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How to apply a fit on this shape?

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Niklas Kurz
Niklas Kurz on 15 Jul 2020 at 9:13
Edited: Niklas Kurz on 19 Jul 2020 at 22:27
Since my data doens't really count as a function cftool is not an option. I wonder whether this is still faisable to fit:
(I tried several elliptical fits but they don't seem to work. May be because I dealt with it a little clumsily)


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Accepted Answer

John D'Errico
John D'Errico on 15 Jul 2020 at 10:22
Edited: John D'Errico on 15 Jul 2020 at 10:30
What does it mean to "fit" it to you? What will you do with that fit? The data is not a function, just a set of points, that happen to represent a closed curve in the plane.
A simple solution might be to convert to polar coordinates.
help cart2pol
Now, fit the function r(theta). Be careful, since r is a periodic function. It should have the property that r(0) == r(2*pi). So a polynomial fit would be a bad idea. Instead, perhaps fit this as a sum.
r(theta) = a0 + a1*sin(theta) + b1*cos(theta) + a2*sin(2*theta) + b2*cos(2*theta) + ...
Essentially, I am describing what is essentially a Fourier series there (that is, not an fft, but a Fourier seies.)
As it is constructed, the function ALWAYS has the property of being periodic. And, while you could, in theory, trivially use the curve fitting toolbox for this task, there is no reason to do so. All of the parameters can be estimated using one call to backslash.
x = x(:);
y = y(:);
mux = mean(x);
muy = mean(y);
[Theta,R] = cart2pol(x- mux,y-muy);
[Theta,ind] = sort(Theta);
R = R(ind);
n = numel(x);
M = 6;
A = [ones(n,1),sin(Theta*(1:M)),cos(Theta*(1:M))];
coeffs = A\R;
Rhat = A*coeffs;
hold on
Larger values of M will yield a better approximation. A perfect circle would have m == 0. Because your curve has an oval shape, you need to have a few extra terms, but not many. M == 6 will require the estimation of 13 coefficients for the series.
I lack your data, so I generated some random crap data as an example, using ginput.
Nothing exciting. Vaguely ovoid. I'm actually surprised it was that good.
R as a function of Theta seems reasonable.
And now, we can reconstruct the original curve.
[xhat,yhat] = pol2cart(Theta,Rhat);
plot(x,y,'bo',xhat + mux,yhat + muy,'-xr')
Surprisingly good for a simple, moderately low order Fourier series approximation, given the data came from my shaky eye/mouse coordinated hand.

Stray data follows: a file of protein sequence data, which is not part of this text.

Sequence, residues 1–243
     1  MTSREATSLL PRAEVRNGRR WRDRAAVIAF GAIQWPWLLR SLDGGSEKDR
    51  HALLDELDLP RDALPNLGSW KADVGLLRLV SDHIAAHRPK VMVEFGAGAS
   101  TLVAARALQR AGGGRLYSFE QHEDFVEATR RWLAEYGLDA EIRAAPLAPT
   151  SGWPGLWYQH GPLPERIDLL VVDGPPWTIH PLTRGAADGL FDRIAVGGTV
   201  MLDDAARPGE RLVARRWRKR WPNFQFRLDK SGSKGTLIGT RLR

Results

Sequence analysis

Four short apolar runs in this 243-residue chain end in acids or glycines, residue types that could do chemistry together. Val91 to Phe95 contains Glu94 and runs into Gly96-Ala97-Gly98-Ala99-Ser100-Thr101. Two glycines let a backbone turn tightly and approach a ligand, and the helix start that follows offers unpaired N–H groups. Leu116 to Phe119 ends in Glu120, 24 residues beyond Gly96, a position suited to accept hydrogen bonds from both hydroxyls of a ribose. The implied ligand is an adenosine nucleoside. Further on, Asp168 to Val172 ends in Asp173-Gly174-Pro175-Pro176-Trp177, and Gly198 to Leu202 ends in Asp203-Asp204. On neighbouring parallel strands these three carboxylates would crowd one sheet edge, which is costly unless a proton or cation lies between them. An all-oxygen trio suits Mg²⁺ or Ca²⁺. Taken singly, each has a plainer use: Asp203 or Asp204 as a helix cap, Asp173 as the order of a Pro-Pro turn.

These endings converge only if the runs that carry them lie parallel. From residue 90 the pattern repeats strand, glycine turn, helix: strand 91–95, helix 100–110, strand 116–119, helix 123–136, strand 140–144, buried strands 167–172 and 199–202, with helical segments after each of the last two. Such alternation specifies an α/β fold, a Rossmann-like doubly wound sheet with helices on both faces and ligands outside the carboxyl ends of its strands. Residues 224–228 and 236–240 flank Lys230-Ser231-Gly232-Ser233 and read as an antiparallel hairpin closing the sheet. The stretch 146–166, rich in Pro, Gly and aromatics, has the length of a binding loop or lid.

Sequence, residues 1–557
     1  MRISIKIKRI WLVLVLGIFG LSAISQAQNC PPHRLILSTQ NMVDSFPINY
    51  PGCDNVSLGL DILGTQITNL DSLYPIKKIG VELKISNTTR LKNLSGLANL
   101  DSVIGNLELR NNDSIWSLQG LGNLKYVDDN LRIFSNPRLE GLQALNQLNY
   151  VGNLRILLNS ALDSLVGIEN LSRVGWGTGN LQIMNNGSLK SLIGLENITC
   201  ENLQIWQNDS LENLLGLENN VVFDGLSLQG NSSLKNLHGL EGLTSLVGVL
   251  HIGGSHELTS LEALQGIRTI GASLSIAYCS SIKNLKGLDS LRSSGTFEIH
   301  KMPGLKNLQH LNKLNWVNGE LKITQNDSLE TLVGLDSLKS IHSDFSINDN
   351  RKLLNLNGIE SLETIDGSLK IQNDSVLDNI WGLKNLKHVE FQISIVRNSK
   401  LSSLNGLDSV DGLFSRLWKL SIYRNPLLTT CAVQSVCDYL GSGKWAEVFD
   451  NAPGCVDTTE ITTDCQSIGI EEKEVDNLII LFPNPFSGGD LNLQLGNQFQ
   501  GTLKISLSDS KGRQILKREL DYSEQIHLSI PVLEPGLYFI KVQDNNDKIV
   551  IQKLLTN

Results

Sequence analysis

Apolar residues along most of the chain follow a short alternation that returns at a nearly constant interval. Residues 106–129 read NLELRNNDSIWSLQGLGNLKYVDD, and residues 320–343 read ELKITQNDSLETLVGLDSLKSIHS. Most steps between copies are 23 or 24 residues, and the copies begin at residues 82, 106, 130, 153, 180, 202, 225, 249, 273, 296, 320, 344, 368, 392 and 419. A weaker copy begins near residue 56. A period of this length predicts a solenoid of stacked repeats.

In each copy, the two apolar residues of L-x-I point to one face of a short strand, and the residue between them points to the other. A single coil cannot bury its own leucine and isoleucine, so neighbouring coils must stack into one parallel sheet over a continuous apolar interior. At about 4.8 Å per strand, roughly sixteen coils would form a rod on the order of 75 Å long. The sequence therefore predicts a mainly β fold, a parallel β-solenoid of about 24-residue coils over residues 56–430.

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Niklas Kurz
Niklas Kurz on 17 Jul 2020 at 18:34
If I may ask additionally: How to determine the area beneath the curve? Pretending the ellipse would be above the x axis like in the data I attached as well. Since the values are repeating trapz(X,Y) doesn't seem right.
John D'Errico
John D'Errico on 19 Jul 2020 at 19:52
Why does this question seem to be veering in random directions, with me trying to chase a moving target?
If the goal is to find the area betwen the lower lobe of that closed curve, and the x-axis, there is a problem. You need to find the right and left hand end points to integrate between. A problem is the data is relatively noisy, but also, the noise is not really true noise.
And given this data, the code I wrote needs quite a few terms to perform even reasonably well.
While the fit does not look too bad when viewed as an entire plot, we can see it shows serious oscillations in places. Another option is to use a smoothing spline, but that looks just as bad.
I'd suggest a big part of the problem is the data is heavily quantized in the x variable. For example, there are 9287 data points in your curve. However, x is clearly not any sort of continuous variable.
ans =
ans =
One thing that I often do whenever someone asks a question about how to model some data, the first thing I often ask is what do you want to get out of it? I should have pushed for that here. If the goal is merely to find the area between the lower lobe of that curve and the x axis, this very much impacts how I would want to approach the problem.
The scheme I showed you how to implement will be pretty robust to approximate the area contained within the closed curve. That is because it is insensitive to high frequency oscillations in the estimated curve, because those oscillations have high frequency, but small amplitude.
[~,~,~,~,~,~,area] = FSfit(x,y,10,0)
area =
>> [~,~,~,~,~,~,area] = FSfit(x,y,20,0)
area =
>> [~,~,~,~,~,~,area] = FSfit(x,y,30,0)
area =
>> [~,~,~,~,~,~,area] = FSfit(x,y,100,0)
area =
Given the noise, the prediction seems to be fairly stable as long as you use 20 terms in the model, or so.
But to find the area under that curve will be more difficult if we are working with a model of the form I built. So IF my goal was to compute the area blow the curve and above the x axis, I would do it like this:
xmin = min(x);
xmax = max(x);
xadj = [x;xmin;xmax];
yadj = [y;0;0];
E1 = convhull(x,y);
E2 = convhull(xadj,yadj);
polyarea(xadj(E2),yadj(E2)) - polyarea(x(E1),y(E1))
ans =
So we approximate the area under the curve as the difference of two areas, thus the area of the region in purple here:
hold on
Niklas Kurz
Niklas Kurz on 19 Jul 2020 at 20:59
Oh.My.Gosh, you're on of the best! I'm like 100000% satisfied now. Excuse me for my randomness, sometimes even I don't know what I'm searching for.

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